Whatever the cause, what is the effect? Doesn't the focus on youthfulness trivialize literature, to some extent? In other words, isn't it a plainly superficial criterion? When fiction offerings seem to be driven by the same forces that drive People Magazine covers, doesn't literature lose?

Okay, that was more than one question. But that's what you get from a cantankerous, curmudgeonly, 42-year-old geezer.

kclou said...

I thought the same thing about the use of the word "novelists." Odd. Or lazy.

I think the age thing is Granta's attempt to pick the next wave of great writers. The "I knew him when" mentality. Young people don't read or buy more than older people (the opposite, I believe), so I don't think it's a target audience issue; that said, the public does want young debuts. I don't have a sociological answer for why.

Grendel said...

Wow, I want to buy this issue. I believe it will be my first Granta in about five years.

Several unfamiliar (and unpronounceable) names in that list. I'm looking forward to getting a li'l taste of each. Glad Nicole Krauss is on there. I expect to discover some great writers through this issue.

Even if I published my novel today and it won every prize, I am already too old in this lifetime to ever be on this list again. Another milestone.

I'm with CJ, though, on wanting a similar issue with older first-time novelists. How many Annie Proulxs are out there now?

As for

"The readership has fractured, and reads less, and spends more time e-mailing. And it makes less sense to talk about novelists now — the really creative writing is being done in other genres such as the personal essay, reportage and criticism."

-- I'm sorry, but emailing is so 90s. If anything they are Facebooking or blogging or skyping too much, or coming down with "texting thumb". And I had no idea I was fractured, whatever that means! I for one don't read less. Where are his stats on such a claim? And since when does it make less sense to talk about novelists? What the hell is that supposed to mean? If this Stein fellow is so jaded and "over" fiction, maybe he should find another line of work and make room for someone who thinks it rather does make sense to talk about novelists. And if I ever, ever meet someone face to face who tells me that the "really creative writing" is being done in ... I can hardly bring myself to type the word ... in... in "criticism" ... then I can't be held responsible for what my fists might do.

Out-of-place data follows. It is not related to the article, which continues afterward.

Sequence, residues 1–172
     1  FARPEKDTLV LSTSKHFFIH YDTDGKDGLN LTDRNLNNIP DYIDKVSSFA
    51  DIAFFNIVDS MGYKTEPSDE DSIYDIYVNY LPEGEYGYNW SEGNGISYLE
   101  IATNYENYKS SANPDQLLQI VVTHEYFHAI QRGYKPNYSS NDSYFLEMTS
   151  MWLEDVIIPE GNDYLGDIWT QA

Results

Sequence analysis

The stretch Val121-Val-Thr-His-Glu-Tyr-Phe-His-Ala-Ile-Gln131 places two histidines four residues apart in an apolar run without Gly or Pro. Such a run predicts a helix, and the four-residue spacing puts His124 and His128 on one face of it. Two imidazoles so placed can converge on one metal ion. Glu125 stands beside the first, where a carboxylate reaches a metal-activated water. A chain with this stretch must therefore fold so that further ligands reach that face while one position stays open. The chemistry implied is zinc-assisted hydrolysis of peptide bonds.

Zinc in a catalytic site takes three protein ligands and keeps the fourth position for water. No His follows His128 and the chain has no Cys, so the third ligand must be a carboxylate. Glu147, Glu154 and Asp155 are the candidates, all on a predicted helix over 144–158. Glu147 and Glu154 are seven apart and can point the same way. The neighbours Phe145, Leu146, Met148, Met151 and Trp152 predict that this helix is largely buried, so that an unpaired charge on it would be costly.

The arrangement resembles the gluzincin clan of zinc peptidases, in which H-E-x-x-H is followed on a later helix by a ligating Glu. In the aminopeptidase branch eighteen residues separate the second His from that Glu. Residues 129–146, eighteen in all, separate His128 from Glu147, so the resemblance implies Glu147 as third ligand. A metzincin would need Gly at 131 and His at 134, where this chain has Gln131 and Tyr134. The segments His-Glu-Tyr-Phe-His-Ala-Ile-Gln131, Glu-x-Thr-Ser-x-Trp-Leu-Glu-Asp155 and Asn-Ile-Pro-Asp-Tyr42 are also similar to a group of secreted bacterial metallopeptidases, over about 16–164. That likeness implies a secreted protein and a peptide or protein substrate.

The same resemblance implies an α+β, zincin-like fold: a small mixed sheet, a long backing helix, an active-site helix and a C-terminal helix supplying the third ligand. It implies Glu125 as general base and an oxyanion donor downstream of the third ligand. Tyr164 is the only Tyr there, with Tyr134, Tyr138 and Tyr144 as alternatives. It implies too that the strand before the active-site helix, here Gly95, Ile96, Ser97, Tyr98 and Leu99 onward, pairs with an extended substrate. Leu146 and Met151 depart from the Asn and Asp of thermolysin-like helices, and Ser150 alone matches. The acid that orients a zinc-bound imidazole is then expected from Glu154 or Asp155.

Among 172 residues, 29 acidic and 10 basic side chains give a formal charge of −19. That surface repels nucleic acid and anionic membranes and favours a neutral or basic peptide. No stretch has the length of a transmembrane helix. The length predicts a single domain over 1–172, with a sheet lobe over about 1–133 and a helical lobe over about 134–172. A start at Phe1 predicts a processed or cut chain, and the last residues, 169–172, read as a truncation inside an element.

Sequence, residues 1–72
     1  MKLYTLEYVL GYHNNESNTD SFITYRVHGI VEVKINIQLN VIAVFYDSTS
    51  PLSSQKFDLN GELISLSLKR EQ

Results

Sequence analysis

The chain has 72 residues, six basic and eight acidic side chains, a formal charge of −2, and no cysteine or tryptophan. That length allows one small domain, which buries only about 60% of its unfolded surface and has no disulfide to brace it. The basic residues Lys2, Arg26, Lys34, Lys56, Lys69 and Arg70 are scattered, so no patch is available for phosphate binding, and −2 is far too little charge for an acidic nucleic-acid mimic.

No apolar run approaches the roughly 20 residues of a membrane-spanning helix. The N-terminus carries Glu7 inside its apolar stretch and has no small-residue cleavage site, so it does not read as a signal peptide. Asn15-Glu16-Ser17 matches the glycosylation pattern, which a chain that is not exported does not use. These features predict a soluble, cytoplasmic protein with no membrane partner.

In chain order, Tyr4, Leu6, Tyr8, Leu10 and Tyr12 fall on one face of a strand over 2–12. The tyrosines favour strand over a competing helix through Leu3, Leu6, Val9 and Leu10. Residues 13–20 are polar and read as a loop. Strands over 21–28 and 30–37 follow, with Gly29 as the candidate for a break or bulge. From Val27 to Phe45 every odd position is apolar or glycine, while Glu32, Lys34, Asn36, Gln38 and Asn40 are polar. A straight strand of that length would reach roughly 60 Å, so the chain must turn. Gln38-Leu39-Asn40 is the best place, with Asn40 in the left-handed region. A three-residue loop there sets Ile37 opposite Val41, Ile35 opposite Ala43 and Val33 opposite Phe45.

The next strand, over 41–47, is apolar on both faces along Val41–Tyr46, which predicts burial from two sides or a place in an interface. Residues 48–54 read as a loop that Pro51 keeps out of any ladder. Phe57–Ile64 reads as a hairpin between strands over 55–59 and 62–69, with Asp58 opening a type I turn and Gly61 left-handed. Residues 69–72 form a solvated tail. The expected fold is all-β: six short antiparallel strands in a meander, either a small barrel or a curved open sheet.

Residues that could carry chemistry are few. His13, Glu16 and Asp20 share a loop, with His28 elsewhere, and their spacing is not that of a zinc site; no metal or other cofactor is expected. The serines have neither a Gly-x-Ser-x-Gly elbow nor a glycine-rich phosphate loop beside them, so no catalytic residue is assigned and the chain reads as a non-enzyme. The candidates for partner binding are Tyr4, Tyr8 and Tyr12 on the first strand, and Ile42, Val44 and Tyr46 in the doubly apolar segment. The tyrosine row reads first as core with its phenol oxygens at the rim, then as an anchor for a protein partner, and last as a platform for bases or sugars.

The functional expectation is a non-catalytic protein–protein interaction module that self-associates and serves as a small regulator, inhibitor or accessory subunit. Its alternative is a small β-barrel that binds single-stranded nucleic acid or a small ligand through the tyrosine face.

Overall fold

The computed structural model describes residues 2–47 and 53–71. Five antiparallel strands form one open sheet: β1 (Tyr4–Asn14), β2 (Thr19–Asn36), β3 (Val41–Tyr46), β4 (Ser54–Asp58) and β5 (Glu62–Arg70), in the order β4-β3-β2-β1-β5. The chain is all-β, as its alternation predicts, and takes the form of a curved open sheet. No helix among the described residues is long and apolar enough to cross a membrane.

cj said...

Today I saw the actual book: in addition to the title, the cover actually says, "Now even younger!" Ugh.

JohnFox said...

Hi there,

Yes, I found the list rather provocative. As I read the list of peopIe who haven't published novels, although they've been miscategorized, their short story collections are incredible. have an interview on my site - BookFox - http://www.thejohnfox.com - with Rattawut, and one coming up with Jess Row.

Gather said...

Who was it that said (Aristotle, I believe) that nothing of import can be written by anyone under the age of thirty. This is not less true now than any time in the past. One simply does not have the life experience, the perspective to pen anything but mental masturbation until they have some life on which to base it.